Maldives couples wanting to marry on a US$200 million bridge had their hopes lifted then dashed after a government ministry Sunday backtracked on wedding sponsorship offers.
The Housing Ministry said the government would cover most costs for people wanting to tie the knot on the China-Maldives Friendship Bridge, officially called the Sinamalé Bridge, which will connect the capital to the airport island of Hulhulé and the suburb island of Hulhumalé.
There were incentives of MVR15,000 (US$973) for the bridal dress, MVR7,000 for the groom’s outfit and MVR5,000 for the bride and groom’s makeup. There would also be sponsorship for photography and catering.
But by midday, the ministry had stopped handing out the forms and a receptionist said a minor change was being made.
Before office closing hours a new form was uploaded to the website – with the sponsorship parts omitted.
Ministry spokesman Ahmed Fazal told the Maldives Independent the outfit and makeup costs were being cut to allow more people to participate.
Sponsorship for catering, photography and reception costs was “under review,” he said.
“We didn’t anticipate this much support. So we wanted to reduce the costs so that we can give the chance for as many couples to get married on the bridge. We are operating on a budget.”
The form gives couples five different wedding themes to choose from Maldivian, Chinese, floral, sunset and vintage.
Applications for bridge weddings are open until August 13. Couples are asked to submit a completed marriage application form with their bridge wedding form.
Only couples on their first wedding can have their big day on the bridge, a tall order given the country’s divorce rate. There were 5,488 marriages in 2016 and 3,471 divorces that year.
Fazal said weddings would be held after the bridge was opened later this month and that it would be closed to vehicles during this time. The nuptials were part of a “celebration.”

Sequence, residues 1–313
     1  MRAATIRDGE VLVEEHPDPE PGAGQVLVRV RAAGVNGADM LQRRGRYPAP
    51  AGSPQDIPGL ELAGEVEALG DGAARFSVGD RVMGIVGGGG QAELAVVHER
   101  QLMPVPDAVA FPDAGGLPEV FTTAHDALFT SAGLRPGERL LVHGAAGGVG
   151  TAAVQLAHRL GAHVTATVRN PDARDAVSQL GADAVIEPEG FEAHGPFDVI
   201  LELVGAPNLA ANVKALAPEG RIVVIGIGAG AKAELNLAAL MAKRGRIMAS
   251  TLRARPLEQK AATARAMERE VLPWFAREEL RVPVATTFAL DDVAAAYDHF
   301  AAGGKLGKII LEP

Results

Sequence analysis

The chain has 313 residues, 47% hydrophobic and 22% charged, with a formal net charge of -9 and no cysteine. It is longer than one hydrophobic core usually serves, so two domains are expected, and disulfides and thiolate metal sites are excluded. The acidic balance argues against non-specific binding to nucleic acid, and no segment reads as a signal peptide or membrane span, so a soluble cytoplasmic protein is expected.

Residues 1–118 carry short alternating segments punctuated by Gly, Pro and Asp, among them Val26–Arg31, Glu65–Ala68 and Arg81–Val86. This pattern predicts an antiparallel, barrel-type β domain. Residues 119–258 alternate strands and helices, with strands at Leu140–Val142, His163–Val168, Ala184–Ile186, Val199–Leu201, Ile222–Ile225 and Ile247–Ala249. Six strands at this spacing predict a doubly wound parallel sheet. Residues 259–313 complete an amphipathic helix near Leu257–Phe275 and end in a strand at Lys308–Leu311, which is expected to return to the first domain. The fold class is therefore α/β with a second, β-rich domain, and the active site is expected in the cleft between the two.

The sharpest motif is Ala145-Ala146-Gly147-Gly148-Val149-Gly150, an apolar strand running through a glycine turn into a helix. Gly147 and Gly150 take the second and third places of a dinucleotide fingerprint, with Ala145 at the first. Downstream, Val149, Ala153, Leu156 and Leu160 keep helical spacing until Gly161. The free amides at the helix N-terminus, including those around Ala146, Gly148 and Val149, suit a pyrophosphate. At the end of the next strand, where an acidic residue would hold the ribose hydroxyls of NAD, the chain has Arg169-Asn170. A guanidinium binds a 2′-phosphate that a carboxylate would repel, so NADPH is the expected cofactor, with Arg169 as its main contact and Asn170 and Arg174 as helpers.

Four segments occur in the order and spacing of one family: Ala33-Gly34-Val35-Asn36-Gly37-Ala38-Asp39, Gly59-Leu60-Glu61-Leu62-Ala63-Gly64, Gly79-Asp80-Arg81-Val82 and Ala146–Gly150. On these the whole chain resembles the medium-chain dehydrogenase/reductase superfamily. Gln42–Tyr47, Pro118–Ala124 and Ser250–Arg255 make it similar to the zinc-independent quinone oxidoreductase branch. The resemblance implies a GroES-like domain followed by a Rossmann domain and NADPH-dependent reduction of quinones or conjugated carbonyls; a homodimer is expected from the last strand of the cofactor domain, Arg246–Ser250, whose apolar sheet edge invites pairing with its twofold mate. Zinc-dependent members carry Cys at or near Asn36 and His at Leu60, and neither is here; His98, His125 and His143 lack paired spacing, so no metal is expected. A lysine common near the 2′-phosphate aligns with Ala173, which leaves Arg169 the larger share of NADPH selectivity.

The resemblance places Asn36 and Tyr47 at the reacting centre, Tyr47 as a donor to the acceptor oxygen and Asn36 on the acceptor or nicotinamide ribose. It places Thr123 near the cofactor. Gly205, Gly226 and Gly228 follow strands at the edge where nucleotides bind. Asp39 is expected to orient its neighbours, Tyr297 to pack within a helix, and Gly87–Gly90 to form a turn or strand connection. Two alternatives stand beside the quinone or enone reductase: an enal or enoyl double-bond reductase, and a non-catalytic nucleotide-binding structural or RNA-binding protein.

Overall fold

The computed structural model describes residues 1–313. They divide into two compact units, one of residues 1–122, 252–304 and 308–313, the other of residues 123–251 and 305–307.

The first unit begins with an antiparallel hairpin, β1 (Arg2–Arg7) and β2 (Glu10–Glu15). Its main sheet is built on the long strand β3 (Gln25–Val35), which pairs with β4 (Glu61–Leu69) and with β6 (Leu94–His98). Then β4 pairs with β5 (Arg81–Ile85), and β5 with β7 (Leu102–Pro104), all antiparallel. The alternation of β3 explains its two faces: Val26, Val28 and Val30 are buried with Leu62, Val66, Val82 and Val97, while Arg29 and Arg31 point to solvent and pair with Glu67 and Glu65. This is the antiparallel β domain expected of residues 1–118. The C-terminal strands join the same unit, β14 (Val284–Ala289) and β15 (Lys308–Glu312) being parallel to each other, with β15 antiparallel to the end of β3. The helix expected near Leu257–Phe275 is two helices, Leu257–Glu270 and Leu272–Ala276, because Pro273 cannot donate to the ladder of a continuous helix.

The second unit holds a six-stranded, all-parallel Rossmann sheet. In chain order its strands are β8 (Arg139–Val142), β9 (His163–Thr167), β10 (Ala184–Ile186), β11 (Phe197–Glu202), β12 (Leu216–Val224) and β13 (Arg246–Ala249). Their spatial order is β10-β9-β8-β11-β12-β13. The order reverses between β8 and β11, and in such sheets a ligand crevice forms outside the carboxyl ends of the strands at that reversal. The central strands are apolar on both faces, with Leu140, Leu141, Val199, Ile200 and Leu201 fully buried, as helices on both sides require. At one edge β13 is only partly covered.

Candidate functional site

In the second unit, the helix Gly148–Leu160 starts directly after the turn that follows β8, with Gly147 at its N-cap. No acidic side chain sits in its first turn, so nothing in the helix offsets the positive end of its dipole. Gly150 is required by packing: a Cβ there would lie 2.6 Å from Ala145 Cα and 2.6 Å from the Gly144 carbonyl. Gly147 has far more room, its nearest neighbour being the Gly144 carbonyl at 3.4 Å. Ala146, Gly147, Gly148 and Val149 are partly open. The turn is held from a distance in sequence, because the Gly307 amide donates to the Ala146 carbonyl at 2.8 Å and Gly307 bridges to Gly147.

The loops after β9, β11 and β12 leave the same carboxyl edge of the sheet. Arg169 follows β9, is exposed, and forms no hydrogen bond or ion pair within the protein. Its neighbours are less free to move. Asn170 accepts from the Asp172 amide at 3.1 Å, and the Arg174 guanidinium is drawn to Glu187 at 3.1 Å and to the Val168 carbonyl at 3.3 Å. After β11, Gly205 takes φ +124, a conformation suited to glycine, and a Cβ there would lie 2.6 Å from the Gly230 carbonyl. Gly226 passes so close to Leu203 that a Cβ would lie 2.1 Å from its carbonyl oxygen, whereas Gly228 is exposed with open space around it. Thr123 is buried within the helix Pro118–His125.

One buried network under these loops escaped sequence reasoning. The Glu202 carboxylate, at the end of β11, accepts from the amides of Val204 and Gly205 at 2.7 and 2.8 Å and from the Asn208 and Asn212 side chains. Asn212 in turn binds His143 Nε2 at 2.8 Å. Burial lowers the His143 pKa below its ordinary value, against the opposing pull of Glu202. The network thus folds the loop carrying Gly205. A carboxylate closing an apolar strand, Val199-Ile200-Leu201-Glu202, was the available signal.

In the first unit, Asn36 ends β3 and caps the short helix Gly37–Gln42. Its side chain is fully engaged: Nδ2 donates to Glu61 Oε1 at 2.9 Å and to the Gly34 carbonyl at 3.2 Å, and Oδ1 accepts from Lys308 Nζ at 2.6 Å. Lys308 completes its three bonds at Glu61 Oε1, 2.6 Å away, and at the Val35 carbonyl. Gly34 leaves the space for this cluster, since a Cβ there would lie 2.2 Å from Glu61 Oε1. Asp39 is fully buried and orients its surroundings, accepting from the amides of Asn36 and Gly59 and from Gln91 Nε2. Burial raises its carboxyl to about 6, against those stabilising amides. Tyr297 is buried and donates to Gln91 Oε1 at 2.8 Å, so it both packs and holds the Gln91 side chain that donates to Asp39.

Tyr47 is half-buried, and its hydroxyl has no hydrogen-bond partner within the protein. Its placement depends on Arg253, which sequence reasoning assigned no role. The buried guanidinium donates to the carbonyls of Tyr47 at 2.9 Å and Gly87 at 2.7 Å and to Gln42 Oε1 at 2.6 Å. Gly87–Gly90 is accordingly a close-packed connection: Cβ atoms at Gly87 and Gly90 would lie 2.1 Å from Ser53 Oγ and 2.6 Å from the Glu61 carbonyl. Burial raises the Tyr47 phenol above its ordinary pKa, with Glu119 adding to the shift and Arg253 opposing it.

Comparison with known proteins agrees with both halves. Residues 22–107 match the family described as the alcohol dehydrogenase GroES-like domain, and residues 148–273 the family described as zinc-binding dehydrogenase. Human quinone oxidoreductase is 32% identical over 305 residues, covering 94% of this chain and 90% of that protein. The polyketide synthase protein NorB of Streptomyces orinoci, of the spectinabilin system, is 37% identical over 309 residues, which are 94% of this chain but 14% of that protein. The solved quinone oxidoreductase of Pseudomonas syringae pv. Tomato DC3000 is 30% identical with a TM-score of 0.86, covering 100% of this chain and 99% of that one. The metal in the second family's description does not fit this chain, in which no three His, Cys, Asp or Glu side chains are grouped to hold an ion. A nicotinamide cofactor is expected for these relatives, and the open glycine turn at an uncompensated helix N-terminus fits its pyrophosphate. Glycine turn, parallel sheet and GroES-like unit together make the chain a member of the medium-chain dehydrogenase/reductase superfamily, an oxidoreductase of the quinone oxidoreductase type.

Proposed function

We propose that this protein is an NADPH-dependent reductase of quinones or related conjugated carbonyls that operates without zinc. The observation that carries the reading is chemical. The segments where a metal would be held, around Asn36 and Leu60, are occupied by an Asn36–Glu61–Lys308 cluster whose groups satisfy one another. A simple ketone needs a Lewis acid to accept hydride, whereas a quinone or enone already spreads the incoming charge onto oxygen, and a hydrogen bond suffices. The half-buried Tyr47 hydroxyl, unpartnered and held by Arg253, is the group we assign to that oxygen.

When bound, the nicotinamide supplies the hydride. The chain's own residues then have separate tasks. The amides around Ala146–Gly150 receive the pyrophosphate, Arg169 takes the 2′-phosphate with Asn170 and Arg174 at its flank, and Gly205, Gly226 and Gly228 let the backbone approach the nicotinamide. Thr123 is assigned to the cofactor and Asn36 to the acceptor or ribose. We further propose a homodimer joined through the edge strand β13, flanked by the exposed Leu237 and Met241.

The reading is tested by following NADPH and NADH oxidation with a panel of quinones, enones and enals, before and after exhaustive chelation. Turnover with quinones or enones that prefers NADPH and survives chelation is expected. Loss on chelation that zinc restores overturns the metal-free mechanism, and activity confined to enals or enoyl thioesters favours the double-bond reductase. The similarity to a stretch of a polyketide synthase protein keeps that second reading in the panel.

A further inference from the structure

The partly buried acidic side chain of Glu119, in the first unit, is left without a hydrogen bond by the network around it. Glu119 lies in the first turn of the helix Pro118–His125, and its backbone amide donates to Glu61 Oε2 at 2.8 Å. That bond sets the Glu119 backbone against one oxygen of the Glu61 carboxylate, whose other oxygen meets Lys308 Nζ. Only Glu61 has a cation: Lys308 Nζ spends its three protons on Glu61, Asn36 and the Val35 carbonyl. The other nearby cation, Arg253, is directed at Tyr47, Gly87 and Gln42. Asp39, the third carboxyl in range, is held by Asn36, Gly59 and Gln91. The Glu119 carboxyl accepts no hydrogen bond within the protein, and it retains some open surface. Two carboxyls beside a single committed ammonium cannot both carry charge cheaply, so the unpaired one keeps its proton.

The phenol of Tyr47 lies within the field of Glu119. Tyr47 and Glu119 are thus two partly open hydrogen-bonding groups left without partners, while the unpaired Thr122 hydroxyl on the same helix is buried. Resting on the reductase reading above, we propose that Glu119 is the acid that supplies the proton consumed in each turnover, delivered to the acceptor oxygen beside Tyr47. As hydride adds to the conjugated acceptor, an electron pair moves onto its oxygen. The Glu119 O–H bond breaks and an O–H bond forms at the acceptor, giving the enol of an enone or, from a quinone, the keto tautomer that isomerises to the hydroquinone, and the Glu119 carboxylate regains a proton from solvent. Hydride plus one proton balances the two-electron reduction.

“We are doing this because President (Abdulla) Yameen made a promise,” he added.
The government says the only work remaining in the bridge project is laying tar and putting up lights. The outer ring road of the capital’s eastern side has been closed off for construction.
The project was launched in December 2015 with concessional financing and grant aid from the Chinese government, and work started in July 2017.
The 1.39 kilometre-long and 20.3 metre-wide bridge will have two lanes for vehicles and separate lanes for bicycles, motorcycles, and pedestrians.
It will span from Malé’s eastern edge to the western corner of the island of Hulhulé.
While videos of the bridge project feature rousing music and impressive camerawork – and the structure itself promises panoramic vistas – the view from the ground is rather more rustic.
Machinery and building materials lie unattended. There are trash and graffiti, with “Wall of China” daubed onto a surface.
The contractor enlisted for the bridge project, CCCC Second Harbour Engineering, was blacklisted by the World Bank over fraudulent practices during a road improvement project in the Philippines.
The bidding process was conducted by the Chinese government.
Both the opposition and international financial institutions have warned the Maldives is accumulating dangerous levels of debt to finance an infrastructure scale-up.
Photos: Hassan Moosa
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Source URL: Maldives Independent